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The Gauntlet - March 2002 - Gauntlet Men's Supplement
Fighting for fathers
by Andrea Bundon
When a family separates, it's usually the children who
It's hard to argue with that statement. It's
easy to forget the suffering of the thousands of parents denied
access to their children.
When marriages turn acrimonious, it's often
left up to the courts to figure out the details, including who
gets custody of the kids.
Unfortunately, modern society undervalues the
role of the father and frequently decides it's in the best
interest of the child to live with the mother. Fathers are
granted weekend visits or even denied access to their children.
For fathers in this situation, there is hope.
The Men's Educational Support Association was created in 1994 to
level the playing field between divorced parents in the courts.
"There was a need to establish something to
help men and fathers to deal with gender issues and equality,"
explains MESA President Gus Sleiman. "We developed this to
strike a balance between the rights facing men and women. There
is a lot of support mechanisms for women in society."
The initial public reaction to MESA wasn't
always positive. Although pro-women's groups are popular and
numerous, the idea of men needing support is still foreign.
"If we had a conference, the guys were
labelled as disgruntled or angry men," says Sleiman.
"We've made headway on these levels. We
haven't reached where we have to be but it takes time, this is
not an overnight change."
MESA is based in Calgary and regularly hosts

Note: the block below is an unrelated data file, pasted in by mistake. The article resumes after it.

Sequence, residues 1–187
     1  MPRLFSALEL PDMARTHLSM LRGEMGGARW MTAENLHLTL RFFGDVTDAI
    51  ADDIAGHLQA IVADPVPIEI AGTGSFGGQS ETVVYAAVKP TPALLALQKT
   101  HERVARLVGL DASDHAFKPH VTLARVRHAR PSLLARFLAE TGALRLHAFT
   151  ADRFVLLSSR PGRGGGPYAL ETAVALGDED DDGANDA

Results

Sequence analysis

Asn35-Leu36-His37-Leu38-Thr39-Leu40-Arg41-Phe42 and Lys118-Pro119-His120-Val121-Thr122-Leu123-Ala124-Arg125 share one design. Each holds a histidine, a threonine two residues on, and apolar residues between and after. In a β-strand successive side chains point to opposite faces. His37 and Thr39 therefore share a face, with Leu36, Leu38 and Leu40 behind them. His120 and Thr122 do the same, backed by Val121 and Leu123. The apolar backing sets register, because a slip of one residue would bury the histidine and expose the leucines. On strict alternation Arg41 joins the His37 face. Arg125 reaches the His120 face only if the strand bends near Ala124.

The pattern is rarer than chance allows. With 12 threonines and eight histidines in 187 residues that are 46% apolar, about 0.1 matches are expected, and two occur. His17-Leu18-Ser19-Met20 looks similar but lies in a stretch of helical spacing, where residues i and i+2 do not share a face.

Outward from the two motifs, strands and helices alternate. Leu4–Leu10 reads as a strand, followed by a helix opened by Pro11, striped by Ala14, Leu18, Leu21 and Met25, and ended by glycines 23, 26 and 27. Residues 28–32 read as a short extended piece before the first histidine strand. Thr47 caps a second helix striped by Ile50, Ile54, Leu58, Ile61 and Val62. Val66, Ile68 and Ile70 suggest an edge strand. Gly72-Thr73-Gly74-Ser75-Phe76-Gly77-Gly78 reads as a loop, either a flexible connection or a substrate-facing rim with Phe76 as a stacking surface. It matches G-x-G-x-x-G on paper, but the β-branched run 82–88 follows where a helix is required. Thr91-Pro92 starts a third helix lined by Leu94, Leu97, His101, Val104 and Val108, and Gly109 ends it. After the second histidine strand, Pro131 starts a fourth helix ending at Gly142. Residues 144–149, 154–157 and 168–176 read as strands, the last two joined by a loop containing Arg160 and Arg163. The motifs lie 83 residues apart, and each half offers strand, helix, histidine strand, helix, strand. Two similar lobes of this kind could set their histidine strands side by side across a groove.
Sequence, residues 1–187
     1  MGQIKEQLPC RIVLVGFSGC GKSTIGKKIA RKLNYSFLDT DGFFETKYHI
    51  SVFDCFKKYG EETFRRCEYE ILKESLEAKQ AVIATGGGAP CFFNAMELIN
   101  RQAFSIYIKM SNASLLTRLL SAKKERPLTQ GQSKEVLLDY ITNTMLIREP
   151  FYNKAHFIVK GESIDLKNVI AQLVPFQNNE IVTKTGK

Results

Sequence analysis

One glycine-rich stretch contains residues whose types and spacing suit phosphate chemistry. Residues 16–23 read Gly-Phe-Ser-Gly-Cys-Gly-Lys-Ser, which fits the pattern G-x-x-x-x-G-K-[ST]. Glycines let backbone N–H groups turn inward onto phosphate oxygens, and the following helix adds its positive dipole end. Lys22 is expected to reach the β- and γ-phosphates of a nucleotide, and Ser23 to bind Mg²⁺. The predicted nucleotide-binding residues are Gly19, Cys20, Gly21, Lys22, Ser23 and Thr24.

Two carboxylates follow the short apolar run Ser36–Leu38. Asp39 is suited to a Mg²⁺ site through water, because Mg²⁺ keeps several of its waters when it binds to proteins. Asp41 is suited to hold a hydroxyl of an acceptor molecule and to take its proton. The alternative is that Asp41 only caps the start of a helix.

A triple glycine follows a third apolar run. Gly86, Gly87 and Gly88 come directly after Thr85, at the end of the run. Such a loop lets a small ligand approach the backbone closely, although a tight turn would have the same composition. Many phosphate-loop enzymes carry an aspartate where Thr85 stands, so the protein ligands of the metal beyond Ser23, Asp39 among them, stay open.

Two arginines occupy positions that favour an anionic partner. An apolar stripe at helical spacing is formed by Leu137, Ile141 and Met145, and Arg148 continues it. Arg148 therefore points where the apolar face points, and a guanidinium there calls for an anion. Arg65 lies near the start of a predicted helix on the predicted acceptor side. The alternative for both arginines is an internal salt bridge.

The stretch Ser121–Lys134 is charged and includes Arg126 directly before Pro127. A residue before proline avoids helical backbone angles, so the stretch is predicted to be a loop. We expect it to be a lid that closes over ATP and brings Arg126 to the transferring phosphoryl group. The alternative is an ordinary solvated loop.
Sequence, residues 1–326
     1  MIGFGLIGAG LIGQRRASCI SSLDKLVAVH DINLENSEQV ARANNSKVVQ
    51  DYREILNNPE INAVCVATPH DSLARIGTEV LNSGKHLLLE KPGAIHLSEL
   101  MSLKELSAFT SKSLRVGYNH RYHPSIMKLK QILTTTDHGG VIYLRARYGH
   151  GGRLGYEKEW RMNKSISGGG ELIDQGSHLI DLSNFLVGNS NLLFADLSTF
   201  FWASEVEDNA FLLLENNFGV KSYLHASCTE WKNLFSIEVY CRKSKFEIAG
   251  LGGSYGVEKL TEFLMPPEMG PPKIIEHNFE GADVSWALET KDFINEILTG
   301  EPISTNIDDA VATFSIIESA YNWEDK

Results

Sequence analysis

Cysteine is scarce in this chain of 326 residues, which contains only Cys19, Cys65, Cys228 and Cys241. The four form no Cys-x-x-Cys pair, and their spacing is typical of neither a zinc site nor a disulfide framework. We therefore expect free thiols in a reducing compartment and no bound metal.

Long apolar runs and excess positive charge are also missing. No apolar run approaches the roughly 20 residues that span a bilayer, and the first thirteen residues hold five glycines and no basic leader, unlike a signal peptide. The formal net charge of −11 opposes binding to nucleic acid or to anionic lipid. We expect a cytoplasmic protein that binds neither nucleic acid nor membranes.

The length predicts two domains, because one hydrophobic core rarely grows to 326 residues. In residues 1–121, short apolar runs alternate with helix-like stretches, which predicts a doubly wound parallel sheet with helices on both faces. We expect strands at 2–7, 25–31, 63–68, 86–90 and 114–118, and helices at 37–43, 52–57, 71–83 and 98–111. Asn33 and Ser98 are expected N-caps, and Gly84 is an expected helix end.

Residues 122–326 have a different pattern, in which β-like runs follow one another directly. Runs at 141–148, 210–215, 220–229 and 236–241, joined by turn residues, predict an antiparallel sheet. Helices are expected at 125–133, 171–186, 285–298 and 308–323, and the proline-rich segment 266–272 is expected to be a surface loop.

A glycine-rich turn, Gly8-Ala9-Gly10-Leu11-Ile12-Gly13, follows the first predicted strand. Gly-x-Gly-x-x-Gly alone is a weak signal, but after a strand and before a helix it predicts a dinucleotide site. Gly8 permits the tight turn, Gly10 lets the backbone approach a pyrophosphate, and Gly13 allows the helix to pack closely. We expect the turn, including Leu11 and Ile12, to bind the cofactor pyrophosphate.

conferences dealing with gender issues, fatherhood, domestic
violence and much more. They have approximately 75 registered
members and provide support to thousands of parents each year.
They've expanded the program to include support groups for
fathers, a 24-hour crisis line, legal advice and much more
including some very creative events, such as the Father's Day
Picnic. The annual event started out as a group of men taking
their kids to the park and discussing issues important to
"I saw a need for a large event to get the
message to the public that fathers are very important in the
life of their children," explains Sleiman. "We developed the
Father's Day Picnic to help fathers spend time with their
children and to celebrate Father's Day."
Unfortunately, MESA handles other less
glamourous issues. The Web site contains a section full of
stories of fathers believed to have committed suicide as a
direct result of the frustration and despair they felt after
being denied access to their children.
"The government does not keep stats on stuff
like that," says Sleiman. "There are many [suicide cases] we are
working on but the families denied us access and didn't want
their cases covered. There are so many things that are happening
to these men that are not known by the public."
Another concern is the discrepancy between
the portrayal of fathers and mothers who commit infanticide.
Fathers are more likely to serve jail time, whereas mothers are
often treated as mentally incompetent.
"It's not only the reporting but the
perception of the public on how men and women do these things,"
says Sleiman. "This is one of the major problems we are facing.
Society and the media and the entire system [think] that women
are victims and the men are the perpetrators. The reasoning for
that is society looks at the children as property of the mother
she has a mental problem, but the father is criminal."
MESA is currently developing peer support
programs, counselling referrals, educational seminars, an access
monitoring program and a child access centre.
More information is available at www.mesacanada.com.
Men's Supplement index
Men's Supplement Introduction
Reading for the masses
Good life or rough gig?
Beauty is the beast
Men in the other trenches
Girding up and coming out
Suck it up, princess
The male LCD
Pride of piddle
Getting it back
Giving it up
The men you never hear about
Fighting for fathers
Modding your rod
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